It is also important to ensure that only those employees who are authorised or properly trained for social media use have access to the accounts. Keeping passwords secure and logging out of accounts will help to mitigate the risk of unauthorised access to or disclosure of information.
I believe my employer has been monitoring my activity on social media. What can I do?
The first thing to do is to check your organisation’s policies regarding social media and employee monitoring or surveillance. If this information cannot be found, or if your organisation does not have a clear policy regarding these practices, it is worth making enquiries about your rights and responsibilities with your organisations’ HR representative.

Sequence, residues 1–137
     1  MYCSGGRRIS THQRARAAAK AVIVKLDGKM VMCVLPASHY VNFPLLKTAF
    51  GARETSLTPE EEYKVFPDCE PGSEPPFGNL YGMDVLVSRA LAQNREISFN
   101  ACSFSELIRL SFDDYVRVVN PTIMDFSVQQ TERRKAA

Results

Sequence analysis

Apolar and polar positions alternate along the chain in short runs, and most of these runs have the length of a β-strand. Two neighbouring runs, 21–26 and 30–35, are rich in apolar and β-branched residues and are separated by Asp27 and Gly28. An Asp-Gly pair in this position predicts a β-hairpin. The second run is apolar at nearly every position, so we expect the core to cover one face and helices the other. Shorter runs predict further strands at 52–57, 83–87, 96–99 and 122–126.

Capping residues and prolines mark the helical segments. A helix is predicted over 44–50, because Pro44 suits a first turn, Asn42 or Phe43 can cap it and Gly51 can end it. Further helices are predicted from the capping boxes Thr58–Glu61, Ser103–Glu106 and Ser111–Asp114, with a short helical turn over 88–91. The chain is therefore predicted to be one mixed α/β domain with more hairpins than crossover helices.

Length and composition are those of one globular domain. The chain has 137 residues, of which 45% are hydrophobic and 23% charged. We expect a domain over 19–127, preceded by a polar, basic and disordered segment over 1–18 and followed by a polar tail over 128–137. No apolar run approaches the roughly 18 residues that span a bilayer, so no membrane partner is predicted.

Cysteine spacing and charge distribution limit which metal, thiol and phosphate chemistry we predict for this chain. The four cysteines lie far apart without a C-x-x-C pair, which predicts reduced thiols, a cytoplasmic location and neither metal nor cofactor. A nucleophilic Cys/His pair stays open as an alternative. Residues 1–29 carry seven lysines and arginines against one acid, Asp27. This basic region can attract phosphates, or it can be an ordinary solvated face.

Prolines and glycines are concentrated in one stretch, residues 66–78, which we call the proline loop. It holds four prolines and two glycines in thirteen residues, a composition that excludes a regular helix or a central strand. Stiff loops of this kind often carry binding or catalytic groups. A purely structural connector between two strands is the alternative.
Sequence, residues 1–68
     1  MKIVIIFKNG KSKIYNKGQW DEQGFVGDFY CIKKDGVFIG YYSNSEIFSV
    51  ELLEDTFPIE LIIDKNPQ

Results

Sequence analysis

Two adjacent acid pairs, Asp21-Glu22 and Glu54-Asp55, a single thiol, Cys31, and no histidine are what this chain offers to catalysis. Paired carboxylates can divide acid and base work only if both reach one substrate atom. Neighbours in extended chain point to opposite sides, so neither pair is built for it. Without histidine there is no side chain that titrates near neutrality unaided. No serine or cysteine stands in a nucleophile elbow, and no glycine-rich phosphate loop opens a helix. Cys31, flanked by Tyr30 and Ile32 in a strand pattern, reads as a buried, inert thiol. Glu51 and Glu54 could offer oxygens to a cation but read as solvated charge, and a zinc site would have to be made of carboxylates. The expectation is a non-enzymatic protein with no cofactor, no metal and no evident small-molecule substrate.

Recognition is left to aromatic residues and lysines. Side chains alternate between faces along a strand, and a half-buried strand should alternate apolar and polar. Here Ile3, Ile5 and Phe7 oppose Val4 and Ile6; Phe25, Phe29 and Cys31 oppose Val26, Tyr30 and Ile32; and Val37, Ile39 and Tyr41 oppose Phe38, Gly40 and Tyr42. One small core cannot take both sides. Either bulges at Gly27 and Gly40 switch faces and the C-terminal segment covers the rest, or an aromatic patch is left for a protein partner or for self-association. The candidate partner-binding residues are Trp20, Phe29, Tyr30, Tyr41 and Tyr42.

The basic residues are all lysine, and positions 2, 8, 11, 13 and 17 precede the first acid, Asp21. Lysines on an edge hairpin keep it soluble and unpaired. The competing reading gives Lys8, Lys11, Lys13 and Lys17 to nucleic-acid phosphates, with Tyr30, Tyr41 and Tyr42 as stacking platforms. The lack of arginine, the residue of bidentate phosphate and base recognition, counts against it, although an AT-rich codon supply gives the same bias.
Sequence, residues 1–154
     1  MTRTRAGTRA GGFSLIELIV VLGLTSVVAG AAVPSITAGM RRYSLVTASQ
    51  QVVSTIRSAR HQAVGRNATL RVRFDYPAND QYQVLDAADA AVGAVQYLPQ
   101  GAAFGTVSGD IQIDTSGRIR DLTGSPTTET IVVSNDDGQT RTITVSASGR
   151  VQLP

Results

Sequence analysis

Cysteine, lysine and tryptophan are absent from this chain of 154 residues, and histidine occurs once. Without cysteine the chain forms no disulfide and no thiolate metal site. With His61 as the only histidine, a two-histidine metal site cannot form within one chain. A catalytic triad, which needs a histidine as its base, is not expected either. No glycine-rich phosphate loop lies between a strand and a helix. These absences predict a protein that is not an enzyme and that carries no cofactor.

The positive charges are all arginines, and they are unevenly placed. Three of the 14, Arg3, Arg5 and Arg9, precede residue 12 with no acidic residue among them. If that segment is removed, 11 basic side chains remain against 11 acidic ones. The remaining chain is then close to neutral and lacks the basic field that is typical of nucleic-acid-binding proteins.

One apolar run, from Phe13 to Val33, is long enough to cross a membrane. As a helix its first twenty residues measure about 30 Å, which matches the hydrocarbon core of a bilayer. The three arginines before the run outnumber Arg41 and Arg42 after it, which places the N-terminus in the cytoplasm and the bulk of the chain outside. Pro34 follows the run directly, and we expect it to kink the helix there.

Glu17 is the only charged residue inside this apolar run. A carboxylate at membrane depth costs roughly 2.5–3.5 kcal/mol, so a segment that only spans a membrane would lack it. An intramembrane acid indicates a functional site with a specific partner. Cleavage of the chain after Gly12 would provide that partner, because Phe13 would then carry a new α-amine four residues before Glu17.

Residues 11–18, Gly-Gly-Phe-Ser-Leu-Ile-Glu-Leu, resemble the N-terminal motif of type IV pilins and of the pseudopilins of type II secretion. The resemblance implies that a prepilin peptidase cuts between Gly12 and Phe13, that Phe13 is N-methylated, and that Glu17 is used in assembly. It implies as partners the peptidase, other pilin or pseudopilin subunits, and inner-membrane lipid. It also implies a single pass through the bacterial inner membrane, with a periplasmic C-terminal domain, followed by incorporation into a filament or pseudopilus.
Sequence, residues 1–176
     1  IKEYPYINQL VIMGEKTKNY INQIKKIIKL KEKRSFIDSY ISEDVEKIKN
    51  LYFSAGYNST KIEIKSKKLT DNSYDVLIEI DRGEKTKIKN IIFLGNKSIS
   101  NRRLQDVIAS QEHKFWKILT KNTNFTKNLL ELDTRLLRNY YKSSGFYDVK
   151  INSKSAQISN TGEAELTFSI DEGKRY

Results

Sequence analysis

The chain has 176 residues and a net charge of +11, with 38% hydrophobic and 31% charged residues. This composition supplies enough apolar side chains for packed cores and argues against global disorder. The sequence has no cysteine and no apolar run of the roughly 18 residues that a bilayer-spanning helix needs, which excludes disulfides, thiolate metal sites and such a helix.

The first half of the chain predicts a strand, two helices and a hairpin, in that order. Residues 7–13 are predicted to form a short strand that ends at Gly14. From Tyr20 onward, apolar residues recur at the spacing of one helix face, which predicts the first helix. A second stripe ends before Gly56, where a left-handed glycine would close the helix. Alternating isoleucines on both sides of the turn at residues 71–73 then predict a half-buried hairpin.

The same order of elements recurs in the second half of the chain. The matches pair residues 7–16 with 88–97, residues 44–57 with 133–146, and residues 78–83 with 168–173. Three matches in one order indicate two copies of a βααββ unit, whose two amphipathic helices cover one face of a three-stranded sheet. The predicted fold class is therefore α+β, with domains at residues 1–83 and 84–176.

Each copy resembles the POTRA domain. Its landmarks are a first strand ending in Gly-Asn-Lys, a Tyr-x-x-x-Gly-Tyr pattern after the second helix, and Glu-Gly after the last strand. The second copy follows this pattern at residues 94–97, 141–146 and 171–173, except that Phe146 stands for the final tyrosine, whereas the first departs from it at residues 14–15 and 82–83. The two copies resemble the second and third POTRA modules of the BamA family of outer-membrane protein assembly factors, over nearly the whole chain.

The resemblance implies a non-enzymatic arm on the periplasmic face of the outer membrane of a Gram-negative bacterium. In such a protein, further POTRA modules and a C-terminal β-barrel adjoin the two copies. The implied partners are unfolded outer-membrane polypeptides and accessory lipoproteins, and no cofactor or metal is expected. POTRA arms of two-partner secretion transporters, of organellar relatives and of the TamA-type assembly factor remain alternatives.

As noted above, ‘monitoring’ may not necessarily involve the collection of personal information under IPP 1. Generally, personal information is only considered to have been ‘collected’ if it is used by an organisation for any purpose, such as to inform workplace decisions. Collecting information from employees’ social media accounts that is not necessary for an organisation’s functions or activities may contravene the collection principle (IPP 1.1) and could be considered unreasonably intrusive or unfair under IPP 1.2 if done covertly.
More information: View OVIC’s Guiding Principles for Surveillance and supporting Case Study on using a communication platform to monitor employees